Zero No-till technology, which originated in agriculture in the 19th century, is based on the abandonment of any field operations. In this case, after harvesting the previous crop, peeling, disking, processing, as well as plowing and loosening are not performed. With this approach, a cushion of plant debris collects on the surface of the earth.
This technology is one of the most resource-saving and soil-protective. No-till allows to protect the top layer of soil from wind and water erosion. A significant amount of plant residues on the earth's surface makes it possible to better retain and accumulate moisture. Resource savings are achieved by abandoning traditional processing methods.
There are currently more than 90 million hectares of land under zero cultivation worldwide. The rapid rise in energy prices in Latin America has forced agronomists to switch to such technology en masse. As a result, the local farm has taken a leading position in the world in terms of exports.
The main differences of the technology:
1. Larger seed drills are required for sowing. This saves fuel as well as people's working time.
2. When preparing, it is necessary to take into account the basic rule - the ground in the field should be as flat as possible. Only in this case, special drills will be able to demonstrate their maximum efficiency.
3. With regard to crop rotation, the main element of zero technology is the use of green manure to replace plowing.
4. Differences also apply to mulching. In classical agriculture, the stubble is burned, after which it is plowed into the ground, and the resin is collected. In the case of zero technology, stubble straw is used as mulch. The composition is evenly distributed over the field. This technique promotes the formation of a strong protective coating for the soil, as well as protects against the destructive effects of erosion - both water and wind. In general, this approach ensures the formation of favorable microflora in the soil.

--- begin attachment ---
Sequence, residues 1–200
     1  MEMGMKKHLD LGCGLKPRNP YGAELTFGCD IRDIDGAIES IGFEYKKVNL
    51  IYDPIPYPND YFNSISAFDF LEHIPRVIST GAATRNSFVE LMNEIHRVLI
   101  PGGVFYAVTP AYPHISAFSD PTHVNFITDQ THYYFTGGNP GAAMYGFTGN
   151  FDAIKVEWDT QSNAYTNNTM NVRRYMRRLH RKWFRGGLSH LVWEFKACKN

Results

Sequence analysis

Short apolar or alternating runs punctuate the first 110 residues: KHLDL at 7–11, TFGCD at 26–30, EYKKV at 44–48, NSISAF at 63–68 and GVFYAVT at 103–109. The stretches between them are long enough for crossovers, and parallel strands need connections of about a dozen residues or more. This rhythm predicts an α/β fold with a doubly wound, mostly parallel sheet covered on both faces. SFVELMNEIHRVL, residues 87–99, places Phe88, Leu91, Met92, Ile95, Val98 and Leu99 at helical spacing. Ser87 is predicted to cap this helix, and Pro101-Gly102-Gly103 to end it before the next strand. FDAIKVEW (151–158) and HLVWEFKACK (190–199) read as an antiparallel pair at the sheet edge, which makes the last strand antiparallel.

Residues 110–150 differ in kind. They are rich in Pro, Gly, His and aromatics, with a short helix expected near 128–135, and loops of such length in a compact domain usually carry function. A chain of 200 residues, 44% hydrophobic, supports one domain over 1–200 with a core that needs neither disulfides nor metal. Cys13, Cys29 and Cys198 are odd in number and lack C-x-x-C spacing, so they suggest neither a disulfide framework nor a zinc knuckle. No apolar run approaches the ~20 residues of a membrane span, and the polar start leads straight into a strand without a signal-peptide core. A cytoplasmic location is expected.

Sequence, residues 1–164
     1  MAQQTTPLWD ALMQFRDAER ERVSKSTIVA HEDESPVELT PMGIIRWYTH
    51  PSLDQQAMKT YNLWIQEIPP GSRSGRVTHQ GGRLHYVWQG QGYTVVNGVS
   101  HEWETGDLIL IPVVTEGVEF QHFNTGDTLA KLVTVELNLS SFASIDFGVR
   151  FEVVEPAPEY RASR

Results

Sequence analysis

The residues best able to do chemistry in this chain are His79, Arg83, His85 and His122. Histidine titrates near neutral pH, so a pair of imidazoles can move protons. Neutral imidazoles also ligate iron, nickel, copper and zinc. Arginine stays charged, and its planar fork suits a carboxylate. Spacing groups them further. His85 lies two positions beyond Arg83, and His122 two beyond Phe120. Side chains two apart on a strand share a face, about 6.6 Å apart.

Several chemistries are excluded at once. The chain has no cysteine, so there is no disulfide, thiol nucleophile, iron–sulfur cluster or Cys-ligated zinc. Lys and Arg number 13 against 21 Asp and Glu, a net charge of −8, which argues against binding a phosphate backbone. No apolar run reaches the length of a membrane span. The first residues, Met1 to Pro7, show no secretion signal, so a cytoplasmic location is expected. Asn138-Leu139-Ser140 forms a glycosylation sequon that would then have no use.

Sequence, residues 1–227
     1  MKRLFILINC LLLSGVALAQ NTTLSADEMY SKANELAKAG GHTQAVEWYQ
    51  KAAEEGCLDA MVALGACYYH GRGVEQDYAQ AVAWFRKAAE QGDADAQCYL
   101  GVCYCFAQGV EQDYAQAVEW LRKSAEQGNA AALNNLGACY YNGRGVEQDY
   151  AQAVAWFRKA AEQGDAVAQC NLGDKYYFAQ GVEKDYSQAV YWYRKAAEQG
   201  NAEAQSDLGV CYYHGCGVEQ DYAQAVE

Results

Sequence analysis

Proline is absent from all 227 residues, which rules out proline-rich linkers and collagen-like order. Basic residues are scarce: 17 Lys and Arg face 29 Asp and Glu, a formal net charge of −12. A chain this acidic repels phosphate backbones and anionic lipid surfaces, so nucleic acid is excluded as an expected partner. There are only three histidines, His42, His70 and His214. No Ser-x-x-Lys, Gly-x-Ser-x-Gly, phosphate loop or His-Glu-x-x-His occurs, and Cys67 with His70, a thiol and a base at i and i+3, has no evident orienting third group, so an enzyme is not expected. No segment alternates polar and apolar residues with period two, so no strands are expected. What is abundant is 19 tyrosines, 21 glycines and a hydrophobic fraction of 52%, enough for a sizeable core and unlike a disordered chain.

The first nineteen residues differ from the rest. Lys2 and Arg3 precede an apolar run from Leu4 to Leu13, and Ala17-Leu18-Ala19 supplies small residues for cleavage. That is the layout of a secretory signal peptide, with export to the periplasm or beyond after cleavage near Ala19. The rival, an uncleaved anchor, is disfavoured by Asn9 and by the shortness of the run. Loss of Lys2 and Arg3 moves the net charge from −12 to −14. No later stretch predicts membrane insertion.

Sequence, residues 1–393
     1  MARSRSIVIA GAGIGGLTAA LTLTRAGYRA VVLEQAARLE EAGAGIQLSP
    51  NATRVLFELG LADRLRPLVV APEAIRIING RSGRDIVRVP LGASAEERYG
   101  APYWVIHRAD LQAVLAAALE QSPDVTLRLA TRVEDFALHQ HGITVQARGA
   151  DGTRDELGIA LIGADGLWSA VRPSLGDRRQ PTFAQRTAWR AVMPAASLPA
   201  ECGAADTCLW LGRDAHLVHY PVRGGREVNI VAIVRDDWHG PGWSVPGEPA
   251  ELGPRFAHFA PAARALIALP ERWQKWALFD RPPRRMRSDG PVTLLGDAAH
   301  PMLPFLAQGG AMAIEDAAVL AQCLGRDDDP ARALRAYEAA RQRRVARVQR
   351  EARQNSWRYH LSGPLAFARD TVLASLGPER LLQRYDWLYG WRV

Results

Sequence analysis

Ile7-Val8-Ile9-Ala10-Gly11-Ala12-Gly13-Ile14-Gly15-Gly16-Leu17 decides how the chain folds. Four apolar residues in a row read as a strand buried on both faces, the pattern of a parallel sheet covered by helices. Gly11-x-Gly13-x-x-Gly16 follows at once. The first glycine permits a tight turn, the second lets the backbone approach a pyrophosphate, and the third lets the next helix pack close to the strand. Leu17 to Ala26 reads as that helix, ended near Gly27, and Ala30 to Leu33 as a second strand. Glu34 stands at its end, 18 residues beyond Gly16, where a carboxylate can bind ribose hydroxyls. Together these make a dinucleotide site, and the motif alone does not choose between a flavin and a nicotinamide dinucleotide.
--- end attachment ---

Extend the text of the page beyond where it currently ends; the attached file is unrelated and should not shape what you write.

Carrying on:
This technology has proven its effectiveness compared to traditional processing. According to experts, No-till requires no more than 7% of investments from all technological costs. Such savings are due to lower fuel and wage costs. The use of zero technology will reduce the implementation time of all major tasks.
Advantages of No-till:
• a fairly efficient business model that promotes savings;
• increase in crop volumes in areas with insufficient moisture;
• the possibility of restoring the fertility of land;
• increasing the amount of humus content.
Today in the steppe regions of our country zero technology is used to cultivate 11% of the area. According to experts in the agricultural sector, traditional agriculture is now developing quite dynamically. Most agronomists are not yet ready to learn new technologies. Despite this, the increase in prices for technical and material resources, as well as the arid climate in the future will contribute to the growth of areas for this tillage technology.
A key disadvantage of No-till is the difficulty of crop rotation. Special equipment will be required to work with the soil. In addition, there are additional costs for the purchase of protective equipment for pre-sowing technology and after ladder treatment. We can help with the choice of drugs, calculations of norms and mixtures.
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